Proceedings of the National Academy of Sciences
NYC risks future flooding during hurricanes
Whether or not a coastal city floods during a hurricane depends on the storm, tide and sea level, and now a team of climate scientists show that the risk of New York City flooding has increased dramatically during the industrial era as a result of human-caused climate change.
National Science Foundation, National Oceanographic and Atmospheric Administration

Contact: A'ndrea Elyse Messer
aem1@psu.edu
814-865-9481
Penn State

Public Release: 28-Sep-2015
Proceedings of the National Academy of Sciences
Flood risk on rise for New York City and New Jersey coast, study finds
For the first time, climate researchers compared both sea-level rise rates and storm surge heights in prehistoric and modern eras and found that the combined increases of each have raised the likelihood of a devastating 500-year flood occurring as often as every 25 years.
National Oceanic and Atmospheric Administration, National Science Foundation

Contact: Ken Branson
kbranson@ucm.rutgers.edu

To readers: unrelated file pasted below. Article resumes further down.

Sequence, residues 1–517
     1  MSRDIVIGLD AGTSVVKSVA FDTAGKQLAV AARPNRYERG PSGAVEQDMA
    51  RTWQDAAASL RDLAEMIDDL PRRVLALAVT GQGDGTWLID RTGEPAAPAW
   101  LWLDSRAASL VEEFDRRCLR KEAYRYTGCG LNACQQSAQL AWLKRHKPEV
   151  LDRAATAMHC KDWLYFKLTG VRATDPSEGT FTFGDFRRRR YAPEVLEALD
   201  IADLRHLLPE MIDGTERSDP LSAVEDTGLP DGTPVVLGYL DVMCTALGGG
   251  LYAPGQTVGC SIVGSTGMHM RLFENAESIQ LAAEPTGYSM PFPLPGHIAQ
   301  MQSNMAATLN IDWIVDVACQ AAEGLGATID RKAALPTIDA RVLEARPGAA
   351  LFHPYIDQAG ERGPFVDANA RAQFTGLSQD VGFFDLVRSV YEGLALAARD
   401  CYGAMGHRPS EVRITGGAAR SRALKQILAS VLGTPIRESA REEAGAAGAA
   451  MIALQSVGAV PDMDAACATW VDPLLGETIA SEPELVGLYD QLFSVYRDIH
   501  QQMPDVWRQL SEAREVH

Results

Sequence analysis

848-932-0580
Rutgers University

Public Release: 28-Sep-2015
Nature Geoscience
Ocean circulation rethink solves climate conundrum
Researchers from the University of Exeter believe they have solved one of the biggest puzzles in climate science. The new study, published in Nature Geoscience, explains the synchrony observed during glacial periods when low temperatures in the Southern Ocean correspond with low levels of atmospheric carbon dioxide.
Royal Society Wolfson Foundation, National Science Foundation, and others

Contact: Jo Bowler
pressoffice@exeter.ac.uk
44-139-272-2062
University of Exeter

Public Release: 28-Sep-2015
Proceedings of the National Academy of Sciences
King crabs threaten Antarctic ecosystem due to warming ocean
King crabs may soon become high-level predators in Antarctic marine ecosystems where they haven't played a role in tens of millions of years, according to a new study led by Florida Institute of Technology.

Contact: Adam Lowenstein
adam@fit.edu
321-674-8964
Florida Institute of Technology

Public Release: 28-Sep-2015
Journal of Applied Ecology
Offshore wind farms could be more risky for gannets than previously thought, study shows
Offshore wind farms which are to be built in waters around the UK could pose a greater threat to protected populations of gannets than previously thought, according to a new study by researchers at the universities of Leeds, Exeter and Glasgow.